Almost from the beginning, there were communities of Catholics scattered throughout the Delmarva Peninsula, and prior to founding of Old Bohemia, it had been a most arduous task to service these far-flung ‘congregations’ from Jesuit headquarters on the Western Shore of Maryland. In the state of Delaware alone, there was a congregation near the present Lewes from the end of the seventeenth century, another around Murderkill Creek (near the present town of Frederica), Kent County. There existed a congregation of Catholics also close to the town of Dover, others in the Appoquiniminck and Taylor’s Bridge areas, another closer to New Castle, and later another at Mt. Cuba, west of Wilmington.
The History of Catholicism in the Smyrna area is part of the history of the Jesuit Mission of St. Francis Xavier at Warwick, Maryland (commonly known as Old Bohemia). The Jesuits established their plantation mission there in 1704 and placed it under the supervision of Father Thomas Mansell, S.J. He was associated with the mission until his death about 1725.
Old Bohemia was selected as a base of missionary operations for many very practical reasons. It was remote, at that time, from the more heavily—and persecuted, Maryland areas; but yet it was near to Philadelphia, an important advantage insofar as Philadelphia was the largest city in the colonies, and was also the most tolerant of Catholics. Additionally, land was available and cheap in this remote area. Most of all, however, it was centrally located to the numerous Jesuit missions of the Maryland Eastern Shore and State of Delaware.
From immediately before the the erection of the Diocese of Wilmington in 1868, the priests at New Castle were responsible for Smyrna and it’s general vicinity. In fact, not only for Smyrna but also for Dover—and even Salisbury. On September 11, 1868, Bishop Becker laid the cornerstone of the Church of St. Mary in Salisbury, and in 1870, on November 9, that of the Church of the Holy Cross at Dover; the cornerstone of the new church for New Castle had been laid on May 5 of the same year. The bishop had only recently assigned a regular pastor to it. The priest cared for both Smyrna and Dover; but immediately prior to this (1865) —and after the Jesuits had ceased to serve the area, it was Father Cajetan Sorrentini of New Castle, and later, for about two years, Father John Daley—also of New Castle, who provided the spiritual wants of these stalwart Catholics on a monthly basis.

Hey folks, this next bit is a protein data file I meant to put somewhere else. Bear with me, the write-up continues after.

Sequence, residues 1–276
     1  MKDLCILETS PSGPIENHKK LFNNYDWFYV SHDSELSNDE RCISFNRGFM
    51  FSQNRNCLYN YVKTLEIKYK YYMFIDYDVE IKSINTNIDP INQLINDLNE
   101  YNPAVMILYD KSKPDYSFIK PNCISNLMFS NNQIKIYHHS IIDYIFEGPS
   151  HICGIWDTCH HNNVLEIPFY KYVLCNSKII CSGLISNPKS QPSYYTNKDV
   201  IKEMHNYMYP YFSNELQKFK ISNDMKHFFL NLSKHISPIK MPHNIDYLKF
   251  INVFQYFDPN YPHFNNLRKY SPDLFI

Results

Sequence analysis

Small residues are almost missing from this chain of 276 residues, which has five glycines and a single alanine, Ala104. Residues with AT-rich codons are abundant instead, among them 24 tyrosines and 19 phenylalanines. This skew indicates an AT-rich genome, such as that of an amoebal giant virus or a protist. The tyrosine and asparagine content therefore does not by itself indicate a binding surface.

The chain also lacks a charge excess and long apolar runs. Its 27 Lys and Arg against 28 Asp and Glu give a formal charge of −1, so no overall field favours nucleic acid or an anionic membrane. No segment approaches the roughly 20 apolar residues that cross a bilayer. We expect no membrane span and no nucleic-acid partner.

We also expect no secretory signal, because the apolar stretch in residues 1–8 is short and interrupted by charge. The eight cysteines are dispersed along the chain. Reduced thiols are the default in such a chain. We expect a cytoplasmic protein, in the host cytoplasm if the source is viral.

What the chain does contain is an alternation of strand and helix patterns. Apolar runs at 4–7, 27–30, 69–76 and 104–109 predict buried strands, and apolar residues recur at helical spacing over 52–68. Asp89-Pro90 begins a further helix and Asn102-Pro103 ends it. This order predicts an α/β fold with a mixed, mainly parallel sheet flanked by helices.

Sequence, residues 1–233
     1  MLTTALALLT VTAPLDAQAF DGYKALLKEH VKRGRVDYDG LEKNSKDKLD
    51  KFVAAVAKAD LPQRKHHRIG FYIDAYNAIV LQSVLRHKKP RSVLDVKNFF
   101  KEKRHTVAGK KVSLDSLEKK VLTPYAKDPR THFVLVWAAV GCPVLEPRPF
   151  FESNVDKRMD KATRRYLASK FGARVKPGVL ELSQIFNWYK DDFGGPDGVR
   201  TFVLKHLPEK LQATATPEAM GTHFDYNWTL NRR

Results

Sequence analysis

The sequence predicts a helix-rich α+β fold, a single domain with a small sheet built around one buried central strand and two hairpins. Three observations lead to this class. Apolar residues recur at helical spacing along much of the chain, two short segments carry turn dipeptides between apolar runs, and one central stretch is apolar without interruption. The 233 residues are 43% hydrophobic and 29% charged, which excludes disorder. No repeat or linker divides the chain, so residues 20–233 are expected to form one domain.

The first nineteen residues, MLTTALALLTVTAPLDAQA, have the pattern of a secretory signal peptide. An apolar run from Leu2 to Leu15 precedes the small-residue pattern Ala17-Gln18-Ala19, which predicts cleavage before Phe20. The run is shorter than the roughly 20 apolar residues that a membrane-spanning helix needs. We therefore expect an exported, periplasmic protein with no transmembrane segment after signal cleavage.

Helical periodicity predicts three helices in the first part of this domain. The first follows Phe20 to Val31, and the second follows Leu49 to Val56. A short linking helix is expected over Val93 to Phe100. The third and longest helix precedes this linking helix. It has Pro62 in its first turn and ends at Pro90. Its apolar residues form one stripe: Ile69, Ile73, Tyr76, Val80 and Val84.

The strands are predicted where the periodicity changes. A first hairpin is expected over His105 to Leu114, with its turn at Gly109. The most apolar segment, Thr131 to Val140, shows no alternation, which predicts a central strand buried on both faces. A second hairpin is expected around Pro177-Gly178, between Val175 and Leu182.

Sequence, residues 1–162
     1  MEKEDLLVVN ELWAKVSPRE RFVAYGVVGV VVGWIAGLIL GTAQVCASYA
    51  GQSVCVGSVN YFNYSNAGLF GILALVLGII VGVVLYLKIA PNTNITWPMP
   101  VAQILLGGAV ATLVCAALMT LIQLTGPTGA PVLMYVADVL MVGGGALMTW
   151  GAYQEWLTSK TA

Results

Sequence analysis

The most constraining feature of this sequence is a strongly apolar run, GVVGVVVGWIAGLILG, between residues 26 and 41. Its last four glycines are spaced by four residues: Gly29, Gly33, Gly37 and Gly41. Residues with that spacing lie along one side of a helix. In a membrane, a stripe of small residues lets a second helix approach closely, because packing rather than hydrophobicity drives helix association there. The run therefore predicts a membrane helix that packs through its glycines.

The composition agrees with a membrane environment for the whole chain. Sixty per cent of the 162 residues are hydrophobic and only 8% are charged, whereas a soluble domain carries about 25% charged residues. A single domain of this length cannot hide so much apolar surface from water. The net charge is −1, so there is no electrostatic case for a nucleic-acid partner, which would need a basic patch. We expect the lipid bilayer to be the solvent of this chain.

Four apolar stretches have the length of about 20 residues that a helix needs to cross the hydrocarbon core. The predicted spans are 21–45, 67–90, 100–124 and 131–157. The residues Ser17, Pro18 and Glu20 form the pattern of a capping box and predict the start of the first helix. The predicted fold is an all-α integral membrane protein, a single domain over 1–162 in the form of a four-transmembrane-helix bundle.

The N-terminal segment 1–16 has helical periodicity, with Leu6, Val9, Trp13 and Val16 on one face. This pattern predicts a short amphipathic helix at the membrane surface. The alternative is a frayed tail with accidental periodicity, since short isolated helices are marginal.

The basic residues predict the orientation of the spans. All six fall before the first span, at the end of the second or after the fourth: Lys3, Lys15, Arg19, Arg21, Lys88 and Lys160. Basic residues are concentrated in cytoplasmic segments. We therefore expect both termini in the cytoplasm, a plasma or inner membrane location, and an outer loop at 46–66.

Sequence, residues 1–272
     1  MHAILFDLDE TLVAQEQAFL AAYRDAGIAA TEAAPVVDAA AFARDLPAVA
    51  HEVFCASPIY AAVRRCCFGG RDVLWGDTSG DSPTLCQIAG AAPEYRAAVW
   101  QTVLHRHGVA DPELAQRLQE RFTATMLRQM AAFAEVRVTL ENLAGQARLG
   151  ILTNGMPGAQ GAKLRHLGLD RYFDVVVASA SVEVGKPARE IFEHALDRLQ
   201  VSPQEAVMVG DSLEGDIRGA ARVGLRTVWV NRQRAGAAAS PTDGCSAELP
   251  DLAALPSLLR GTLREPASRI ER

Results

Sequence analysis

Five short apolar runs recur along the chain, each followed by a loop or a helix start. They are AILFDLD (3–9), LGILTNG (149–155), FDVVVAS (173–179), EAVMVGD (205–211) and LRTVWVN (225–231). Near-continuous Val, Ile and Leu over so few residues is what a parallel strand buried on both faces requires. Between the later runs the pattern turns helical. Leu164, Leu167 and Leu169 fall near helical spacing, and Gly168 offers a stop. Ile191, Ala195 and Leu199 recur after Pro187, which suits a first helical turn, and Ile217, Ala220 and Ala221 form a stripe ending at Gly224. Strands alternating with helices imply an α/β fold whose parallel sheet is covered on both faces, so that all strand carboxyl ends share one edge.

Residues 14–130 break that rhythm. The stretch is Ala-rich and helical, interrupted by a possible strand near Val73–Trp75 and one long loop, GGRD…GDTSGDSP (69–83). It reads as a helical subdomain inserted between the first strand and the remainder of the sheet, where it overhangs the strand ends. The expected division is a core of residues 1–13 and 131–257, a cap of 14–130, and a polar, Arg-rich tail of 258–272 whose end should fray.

Early Catholics of Smyrna
From the Smyrna Times, November 7th, 1868:“The members of the Catholic Faith in this town have rented a room in the Odd Fellows Hall for religious services. They have started a Sunday School which will be regularly organized by the Reverend Father Daley, who holds services at the room this afternoon. The establishing of this school is a move in the right direction, as these children numbering 75, do not attend other religious schools, it is important that they should have one of their own choice. It is also the nucleus of a Catholic Congregation.”
The above news item could well be considered as an account of the establishment of the Catholic Church in Smyrna, Delaware. At least it was the ‘beginning of the end’ of Smyrna as a simple mission station. For over 20 years the Jesuits from Bohemia had been coming to Smyrna and renting a house from Jacob Raymond. We know this from a letter written by the Reverend George King, S.J. (Superior at Bohemia, from 1837-1851), wherein he states that Father William F. Clark, S.J., who was with him in the late 1840’s, owed Jacob Raymond some money for the rental of the house.
Father Edward Ignatius Taylor, first pastor of Holy Cross Church in Dover, according to his sacramental records, performed a magnificent ministry during his incumbency, covering practically all of Sussex, Kent and Southern New Castle County. By 1883, the fabulous George Bradford was pastor at Dover. He had already built the church at Chestertown, purchased one at Church Hill, and established one at Galena, Maryland, and now as pastor of Dover, he is responsible for the first church in Smyrna. The Catholic Mirror (the official organ of the Archbishop of Baltimore and of the bishops of the suffragan sees of Baltimore – of which the See of Wilmington is one) gives the following account on June 23, 1883:Church dedicated at Smyrna, Delaware. The Catholics of Smyrna, Delaware under the charge of Reverend Bradford of Dover, have at last succeeded in procuring a church. Some two months ago a neat and substantial building 35 X 50, until recently owned by the Presbyterians, was purchased for the sum of $2000. On Sunday, the 10th inst. the building was solemnly dedicated to the service of Almighty God under the name St. Polycarp, by the Reverend Bishop Becker of Wilmington, assisted by Reverend Fathers Keiley of Wilmington and Bradford of Dover. The High Mass was sung by Father Keiley of St. Peter’s of Wilmington, assisted by his own choir. The singing of the Mass by this choir of twenty voices was admirable. The people of Smyrna declare it to be the finest ever heard in their own town.”